Tuesday, July 10, 2012

Navy Issues New Shore Energy Policy to Achieve Energy Security Goals

From Chief of Naval Operations Shore Readiness Division

WASHINGTON (NNS) -- The Navy issued a new energy policy that will drive energy consumption reduction at all Navy installations, transform the shore energy culture and seek new or existing technical solutions for reducing energy, officials announced July 10.

The Shore Energy Management Instruction signifies a complete revision from the previous version published in 1994.

The instruction codifies Navy's policy and strategy to ensure energy security as a strategic imperative, meet federal mandates and executive orders, and achieve Department of the Navy (DoN) shore energy goals.

 Since naval forces require constant support from shore installations, Navy is mitigating its vulnerabilities related to the electrical grid - such as outages from natural disasters and man-made events - by lowering consumption, integrating renewable energy sources and increasing control of energy supply and distribution. Energy reliability, resiliency and redundancy are essential components of the Navy's Critical Infrastructure Protection program.

"Energy security is critical because warfighters need assured access to reliable supplies of energy to meet operational needs afloat or ashore," said Deputy Chief of Naval Operations for Fleet Readiness and Logistics, Vice Adm. Phil Cullom. "This instruction is just one example of how we are driving a spartan energy ethos in our shore operations. We are committed to cost-effectively achieving our energy goals by pursuing energy efficiency, transforming our energy culture, and integrating renewable energy technologies, where viable."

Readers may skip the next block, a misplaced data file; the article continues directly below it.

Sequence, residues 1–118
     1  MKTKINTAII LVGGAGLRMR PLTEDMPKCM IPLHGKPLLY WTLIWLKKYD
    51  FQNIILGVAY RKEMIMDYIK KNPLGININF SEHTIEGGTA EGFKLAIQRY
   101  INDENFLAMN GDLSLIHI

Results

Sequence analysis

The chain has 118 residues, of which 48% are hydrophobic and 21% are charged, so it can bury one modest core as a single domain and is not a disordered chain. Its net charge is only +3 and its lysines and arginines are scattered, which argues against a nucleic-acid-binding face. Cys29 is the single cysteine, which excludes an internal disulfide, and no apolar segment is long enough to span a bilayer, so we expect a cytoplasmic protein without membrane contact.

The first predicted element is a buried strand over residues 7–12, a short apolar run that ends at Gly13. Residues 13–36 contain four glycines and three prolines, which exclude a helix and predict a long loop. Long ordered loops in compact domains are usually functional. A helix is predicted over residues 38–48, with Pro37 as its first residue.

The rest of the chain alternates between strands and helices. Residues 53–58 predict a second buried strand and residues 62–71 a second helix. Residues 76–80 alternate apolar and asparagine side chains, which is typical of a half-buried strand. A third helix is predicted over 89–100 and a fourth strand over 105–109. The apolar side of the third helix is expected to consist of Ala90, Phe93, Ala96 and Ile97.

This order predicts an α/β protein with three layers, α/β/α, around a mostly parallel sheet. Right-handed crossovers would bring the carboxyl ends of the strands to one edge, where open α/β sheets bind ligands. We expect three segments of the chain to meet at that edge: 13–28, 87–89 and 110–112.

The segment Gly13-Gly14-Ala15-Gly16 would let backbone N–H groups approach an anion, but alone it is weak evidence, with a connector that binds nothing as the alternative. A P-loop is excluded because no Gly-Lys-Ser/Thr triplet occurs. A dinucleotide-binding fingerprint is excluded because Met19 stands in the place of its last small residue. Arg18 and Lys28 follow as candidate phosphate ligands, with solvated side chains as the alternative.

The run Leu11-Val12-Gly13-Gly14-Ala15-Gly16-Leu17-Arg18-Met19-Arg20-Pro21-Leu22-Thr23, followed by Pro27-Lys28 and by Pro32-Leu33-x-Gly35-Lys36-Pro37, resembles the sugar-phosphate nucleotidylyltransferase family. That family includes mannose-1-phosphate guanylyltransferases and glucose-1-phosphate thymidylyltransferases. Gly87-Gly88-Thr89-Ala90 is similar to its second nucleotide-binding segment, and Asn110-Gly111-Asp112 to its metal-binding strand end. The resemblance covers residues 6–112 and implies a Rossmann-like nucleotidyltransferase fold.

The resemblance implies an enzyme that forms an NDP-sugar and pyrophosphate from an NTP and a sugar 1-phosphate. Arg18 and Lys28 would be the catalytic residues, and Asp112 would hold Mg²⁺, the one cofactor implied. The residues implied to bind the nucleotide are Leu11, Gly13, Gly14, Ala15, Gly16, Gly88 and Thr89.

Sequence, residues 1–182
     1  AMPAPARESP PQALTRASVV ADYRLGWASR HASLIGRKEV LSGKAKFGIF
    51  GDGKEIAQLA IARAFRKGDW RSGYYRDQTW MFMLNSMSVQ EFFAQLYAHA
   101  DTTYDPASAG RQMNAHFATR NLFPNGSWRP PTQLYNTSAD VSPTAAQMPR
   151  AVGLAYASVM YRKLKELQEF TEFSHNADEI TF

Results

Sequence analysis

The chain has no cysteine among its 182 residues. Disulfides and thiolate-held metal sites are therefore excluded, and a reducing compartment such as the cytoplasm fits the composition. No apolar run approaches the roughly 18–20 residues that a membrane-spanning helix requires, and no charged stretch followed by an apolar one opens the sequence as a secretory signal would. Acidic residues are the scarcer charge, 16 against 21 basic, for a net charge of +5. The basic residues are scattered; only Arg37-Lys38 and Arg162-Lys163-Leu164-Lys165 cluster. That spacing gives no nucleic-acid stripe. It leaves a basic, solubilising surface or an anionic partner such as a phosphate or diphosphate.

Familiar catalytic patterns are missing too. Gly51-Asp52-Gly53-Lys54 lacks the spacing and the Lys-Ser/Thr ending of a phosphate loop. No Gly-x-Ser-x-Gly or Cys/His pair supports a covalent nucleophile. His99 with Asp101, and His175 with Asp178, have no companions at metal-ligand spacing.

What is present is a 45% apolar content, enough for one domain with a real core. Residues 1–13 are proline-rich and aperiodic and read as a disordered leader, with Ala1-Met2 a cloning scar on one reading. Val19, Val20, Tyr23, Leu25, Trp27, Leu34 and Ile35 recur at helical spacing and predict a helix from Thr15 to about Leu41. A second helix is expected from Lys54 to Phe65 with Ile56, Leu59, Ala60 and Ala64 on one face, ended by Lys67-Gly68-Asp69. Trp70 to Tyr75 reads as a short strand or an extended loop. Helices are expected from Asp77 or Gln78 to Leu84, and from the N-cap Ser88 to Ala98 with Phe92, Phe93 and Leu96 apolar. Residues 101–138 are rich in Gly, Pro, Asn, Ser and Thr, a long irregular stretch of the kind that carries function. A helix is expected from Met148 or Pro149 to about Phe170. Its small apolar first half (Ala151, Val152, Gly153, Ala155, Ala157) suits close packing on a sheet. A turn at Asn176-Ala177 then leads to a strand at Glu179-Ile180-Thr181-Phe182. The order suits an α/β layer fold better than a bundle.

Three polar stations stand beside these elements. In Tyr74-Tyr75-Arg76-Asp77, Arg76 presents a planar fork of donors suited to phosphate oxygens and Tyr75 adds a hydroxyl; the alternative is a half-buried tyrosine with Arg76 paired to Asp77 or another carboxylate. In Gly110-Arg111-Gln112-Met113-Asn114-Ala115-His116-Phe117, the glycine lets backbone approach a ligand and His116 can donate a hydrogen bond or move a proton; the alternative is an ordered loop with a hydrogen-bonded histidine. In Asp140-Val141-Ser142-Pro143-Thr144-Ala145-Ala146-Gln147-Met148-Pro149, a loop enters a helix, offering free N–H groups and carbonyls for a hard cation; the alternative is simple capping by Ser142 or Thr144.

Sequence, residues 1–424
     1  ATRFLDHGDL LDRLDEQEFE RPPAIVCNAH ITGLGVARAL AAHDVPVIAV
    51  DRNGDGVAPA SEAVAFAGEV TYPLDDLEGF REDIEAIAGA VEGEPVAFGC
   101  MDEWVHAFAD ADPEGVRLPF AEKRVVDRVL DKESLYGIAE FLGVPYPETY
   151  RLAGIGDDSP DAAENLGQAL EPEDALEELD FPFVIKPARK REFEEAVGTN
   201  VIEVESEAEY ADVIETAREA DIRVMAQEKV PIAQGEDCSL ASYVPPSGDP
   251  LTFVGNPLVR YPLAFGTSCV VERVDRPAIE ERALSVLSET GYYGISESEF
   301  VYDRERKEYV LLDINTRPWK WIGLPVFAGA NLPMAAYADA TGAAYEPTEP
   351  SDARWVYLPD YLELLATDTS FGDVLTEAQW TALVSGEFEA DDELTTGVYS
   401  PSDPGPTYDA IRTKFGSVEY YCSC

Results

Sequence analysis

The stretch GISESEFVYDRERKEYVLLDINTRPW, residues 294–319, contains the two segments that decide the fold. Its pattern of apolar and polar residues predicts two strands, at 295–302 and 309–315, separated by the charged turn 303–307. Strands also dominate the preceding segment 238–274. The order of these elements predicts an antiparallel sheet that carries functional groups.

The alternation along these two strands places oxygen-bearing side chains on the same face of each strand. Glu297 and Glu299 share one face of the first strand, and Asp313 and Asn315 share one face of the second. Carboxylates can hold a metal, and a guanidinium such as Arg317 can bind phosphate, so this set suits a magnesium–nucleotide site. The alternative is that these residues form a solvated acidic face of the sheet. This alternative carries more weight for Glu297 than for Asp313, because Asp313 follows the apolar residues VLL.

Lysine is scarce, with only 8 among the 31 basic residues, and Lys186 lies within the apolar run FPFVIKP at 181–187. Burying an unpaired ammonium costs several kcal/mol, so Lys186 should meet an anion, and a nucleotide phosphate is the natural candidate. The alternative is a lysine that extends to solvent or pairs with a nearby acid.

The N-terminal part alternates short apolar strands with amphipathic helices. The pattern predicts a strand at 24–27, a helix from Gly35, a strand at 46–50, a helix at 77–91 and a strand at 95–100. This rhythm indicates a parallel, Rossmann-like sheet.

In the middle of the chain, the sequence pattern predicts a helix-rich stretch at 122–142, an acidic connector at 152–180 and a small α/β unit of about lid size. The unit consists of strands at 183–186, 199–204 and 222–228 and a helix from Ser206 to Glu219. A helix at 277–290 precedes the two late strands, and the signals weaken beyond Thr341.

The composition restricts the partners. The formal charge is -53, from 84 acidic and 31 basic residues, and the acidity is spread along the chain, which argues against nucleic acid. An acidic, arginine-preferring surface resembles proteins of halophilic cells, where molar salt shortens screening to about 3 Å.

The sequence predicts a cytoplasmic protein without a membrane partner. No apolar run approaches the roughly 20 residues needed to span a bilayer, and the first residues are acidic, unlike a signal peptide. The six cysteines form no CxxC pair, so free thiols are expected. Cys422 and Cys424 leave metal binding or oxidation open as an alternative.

The revised instruction includes specific responsibilities and actions that commands and personnel ashore must take in implementing the Navy Shore Energy program. For example, each Navy installation will have a tailored energy consumption reduction goal based on its unique energy situation. By increasing energy efficiency, Navy can reduce operating costs, multiply the impact of current and future alternative energy sources and achieve DoN renewable energy targets.

Secretary of the Navy Ray Mabus laid out five aggressive energy goals in October 2009 to improve energy security and efficiency afloat and ashore and increase our energy security.

To review the instruction, visit http://greenfleet.dodlive.mil/files/2012/07/OPNAVINST-4100.5E.pdf.

Carl Vinson Enters Planned Incremental Availability Period

By Mass Communication Specialist 3rd Class Matthew J. Haran, USS Carl Vinson Public Affairs

SAN DIEGO (NNS) -- Almost one month after USS Carl Vinson's (CVN 70) return from a Western Pacific deployment supporting Operation Enduring Freedom, the crew is putting on hard hats and safety goggles for a planned incremental availability (PIA) period July 5-Feb. 1, 2013.

According to Cmdr. Dan Lannamann, chief engineer and PIA availability manager, the primary purpose of PIA is to maintain the 50-year projected service life of an aircraft carrier by taking the ship off-line for an extended period to accomplish deep maintenance and modernization that would be impractical during a normal in-port period.

"Deep maintenance means tearing into equipment or taking apart systems that are not going to be restored in a short period of time," Lannamann said. "It is a period where the ship is temporarily not available for war-time operations."

During the seven-month timeframe the ship will undergo several improvements worth $110 million and will be unable to get underway.